5. Goodr: According to the U.S. Department of Agriculture, Americans waste approximately 30-40 percent of the U.S. food supply, while 820 million people around the world suffer from hunger. Goodr provides blockchain-based supply chain management tools that allow companies, such as airlines, convention centers and other food operations, to redirect surplus foods to food-insecure communities. As an added incentive, Goodr provides companies with blockchain-based ledgers that allow them to track their food and identify areas of waste. During the 2019 Superbowl alone, Goodr rescued over 100,000 pounds of food.
  6. OneSmart: The World Bank considers government corruption a significant challenge in reducing global poverty, particularly because corruption disproportionately affects poor populations. In 2018, UNICEF funded OneSmart’s OS City project to combat corruption and bring more transparency to local and national governments. OneSmart created a blockchain platform that is flexible enough to be integrated with existing city management platforms, allowing for the implementation of blockchain and artificial intelligence throughout government to avoid waste and increase transparency.
  7. SOLshare: SOLshare seeks to help the 1.1 million people worldwide without consistent access to electricity. It is the first-ever peer-to-peer electricity trading network, allowing villages to create mini-power grids by connecting houses with solar panels to other homes in the neighborhood. The blockchain-based platform allows for the fast, efficient and safe transfer of funds between neighbors, allowing for local, independent electricity grids. SOLshare has already brought electricity to 65 million people in Bangladesh and is helping helps poor villages shape a greener future.

People limit the use of blockchain technology by relegating it to banking or shady online transactions alone. The above top seven blockchain projects show that blockchain has value as a tool to develop solutions for multiple global issues. A blockchain is a useful tool that can address multifaceted issues in fighting poverty. Though it is still an emerging technology, blockchain deserves widespread research and support.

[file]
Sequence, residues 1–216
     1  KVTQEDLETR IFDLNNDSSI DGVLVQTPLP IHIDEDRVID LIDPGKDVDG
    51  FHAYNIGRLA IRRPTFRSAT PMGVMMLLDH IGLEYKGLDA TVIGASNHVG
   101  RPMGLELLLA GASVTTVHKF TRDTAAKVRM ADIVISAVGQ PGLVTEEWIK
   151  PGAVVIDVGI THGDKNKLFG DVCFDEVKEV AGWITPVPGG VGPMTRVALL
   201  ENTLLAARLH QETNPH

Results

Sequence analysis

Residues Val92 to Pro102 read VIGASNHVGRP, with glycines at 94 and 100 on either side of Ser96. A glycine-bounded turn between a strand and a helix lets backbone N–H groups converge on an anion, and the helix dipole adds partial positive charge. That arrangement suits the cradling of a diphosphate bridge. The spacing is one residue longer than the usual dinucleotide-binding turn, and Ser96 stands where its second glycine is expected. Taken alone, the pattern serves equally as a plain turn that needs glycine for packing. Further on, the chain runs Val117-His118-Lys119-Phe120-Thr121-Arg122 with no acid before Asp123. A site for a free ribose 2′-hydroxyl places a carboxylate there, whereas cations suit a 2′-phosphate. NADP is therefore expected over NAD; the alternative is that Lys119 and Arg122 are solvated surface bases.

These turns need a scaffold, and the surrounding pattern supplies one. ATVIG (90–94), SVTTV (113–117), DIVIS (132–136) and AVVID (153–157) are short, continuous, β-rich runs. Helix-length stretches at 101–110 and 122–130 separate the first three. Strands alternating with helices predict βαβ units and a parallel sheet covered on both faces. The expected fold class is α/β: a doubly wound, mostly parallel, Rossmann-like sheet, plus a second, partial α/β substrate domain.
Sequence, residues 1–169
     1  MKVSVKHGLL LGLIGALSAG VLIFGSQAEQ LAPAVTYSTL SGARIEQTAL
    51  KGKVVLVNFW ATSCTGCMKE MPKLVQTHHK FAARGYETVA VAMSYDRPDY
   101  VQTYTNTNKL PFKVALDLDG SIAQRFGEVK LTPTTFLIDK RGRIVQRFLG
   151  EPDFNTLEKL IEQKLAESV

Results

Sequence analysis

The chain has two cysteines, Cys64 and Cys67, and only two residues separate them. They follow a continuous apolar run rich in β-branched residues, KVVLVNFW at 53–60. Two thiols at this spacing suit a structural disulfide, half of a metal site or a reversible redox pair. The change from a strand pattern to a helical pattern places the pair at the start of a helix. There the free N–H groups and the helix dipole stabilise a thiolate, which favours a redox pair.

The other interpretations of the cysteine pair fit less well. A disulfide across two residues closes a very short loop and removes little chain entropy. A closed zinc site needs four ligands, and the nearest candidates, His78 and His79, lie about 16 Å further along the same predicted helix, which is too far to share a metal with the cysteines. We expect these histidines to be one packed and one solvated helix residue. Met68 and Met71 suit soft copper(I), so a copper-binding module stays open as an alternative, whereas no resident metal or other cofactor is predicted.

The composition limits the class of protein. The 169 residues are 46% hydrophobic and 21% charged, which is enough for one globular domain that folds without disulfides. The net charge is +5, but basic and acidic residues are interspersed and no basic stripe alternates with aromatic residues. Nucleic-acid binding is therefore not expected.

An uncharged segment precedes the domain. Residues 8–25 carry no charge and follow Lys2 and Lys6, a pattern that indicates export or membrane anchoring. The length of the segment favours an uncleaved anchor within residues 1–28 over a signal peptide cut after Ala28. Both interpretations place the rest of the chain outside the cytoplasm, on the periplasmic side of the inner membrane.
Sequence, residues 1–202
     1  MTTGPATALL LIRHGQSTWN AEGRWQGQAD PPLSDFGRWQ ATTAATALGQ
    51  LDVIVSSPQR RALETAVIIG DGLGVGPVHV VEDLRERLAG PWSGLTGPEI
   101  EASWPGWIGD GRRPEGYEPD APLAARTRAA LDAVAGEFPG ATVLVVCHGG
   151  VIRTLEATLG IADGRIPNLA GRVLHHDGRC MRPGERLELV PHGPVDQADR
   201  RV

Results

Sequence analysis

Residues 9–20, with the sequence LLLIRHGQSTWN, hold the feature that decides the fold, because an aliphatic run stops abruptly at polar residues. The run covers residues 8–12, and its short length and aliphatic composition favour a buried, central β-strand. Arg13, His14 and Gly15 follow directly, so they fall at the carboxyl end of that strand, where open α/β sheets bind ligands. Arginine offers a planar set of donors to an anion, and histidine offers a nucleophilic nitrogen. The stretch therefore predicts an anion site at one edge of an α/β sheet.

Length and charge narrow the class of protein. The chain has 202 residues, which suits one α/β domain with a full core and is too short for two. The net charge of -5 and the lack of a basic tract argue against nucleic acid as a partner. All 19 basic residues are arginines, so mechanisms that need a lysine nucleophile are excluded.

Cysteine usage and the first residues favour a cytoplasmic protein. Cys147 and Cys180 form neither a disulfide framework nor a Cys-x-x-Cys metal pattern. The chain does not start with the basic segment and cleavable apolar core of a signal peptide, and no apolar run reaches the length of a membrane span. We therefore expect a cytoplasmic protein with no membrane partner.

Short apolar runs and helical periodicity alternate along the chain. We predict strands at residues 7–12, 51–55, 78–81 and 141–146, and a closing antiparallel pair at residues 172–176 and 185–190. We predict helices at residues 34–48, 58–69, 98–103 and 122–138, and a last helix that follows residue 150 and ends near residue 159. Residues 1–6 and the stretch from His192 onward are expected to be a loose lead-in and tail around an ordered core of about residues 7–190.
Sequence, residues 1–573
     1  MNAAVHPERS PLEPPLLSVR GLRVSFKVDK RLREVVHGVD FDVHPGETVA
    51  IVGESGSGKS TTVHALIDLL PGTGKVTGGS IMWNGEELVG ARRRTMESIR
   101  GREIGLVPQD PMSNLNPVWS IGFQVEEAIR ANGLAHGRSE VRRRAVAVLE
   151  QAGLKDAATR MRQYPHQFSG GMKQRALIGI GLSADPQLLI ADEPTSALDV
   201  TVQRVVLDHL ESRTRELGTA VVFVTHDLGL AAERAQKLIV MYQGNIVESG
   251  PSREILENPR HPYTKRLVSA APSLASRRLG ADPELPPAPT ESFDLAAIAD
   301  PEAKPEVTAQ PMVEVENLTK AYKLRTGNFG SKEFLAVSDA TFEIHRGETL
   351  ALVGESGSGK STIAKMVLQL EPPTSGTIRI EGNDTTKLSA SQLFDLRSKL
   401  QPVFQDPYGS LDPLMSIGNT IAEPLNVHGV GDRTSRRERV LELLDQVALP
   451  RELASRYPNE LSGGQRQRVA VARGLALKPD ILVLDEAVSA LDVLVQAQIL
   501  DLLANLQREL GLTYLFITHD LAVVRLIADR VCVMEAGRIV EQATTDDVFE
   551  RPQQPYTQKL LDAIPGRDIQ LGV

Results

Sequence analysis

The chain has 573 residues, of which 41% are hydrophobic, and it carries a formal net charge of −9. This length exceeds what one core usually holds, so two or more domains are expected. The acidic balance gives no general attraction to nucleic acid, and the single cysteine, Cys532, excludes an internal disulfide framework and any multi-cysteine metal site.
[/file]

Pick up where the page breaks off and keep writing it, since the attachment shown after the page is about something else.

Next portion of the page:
– Melanie Rasmussen
Photo: Flickr

Biggest Global Issues
Hundreds of millions of people around the world experience insufficient living conditions due to environmental factors, displacement, disease, poverty or some combination of the four. Here is a list of the biggest global issues that plague humankind.

The Biggest Global Issues Facing Mankind

1. Food and Malnutrition

  • Food and nutrition are essential for just about every life form on the planet, especially humankind. Although countries such as China, India, Brazil and the United States produce vast amounts of food for the world, about one in nine people will not eat enough food today. Malnourishment leads to the inability of about 795 million people to lead active and healthy lives around the globe.

  • Malnutrition leads to poor health and can stunt development in education and employment. According to The Food Aid Foundation, 66 million school-aged children will go to school hungry today. Consistent hunger in schools is linked to a lack of concentration.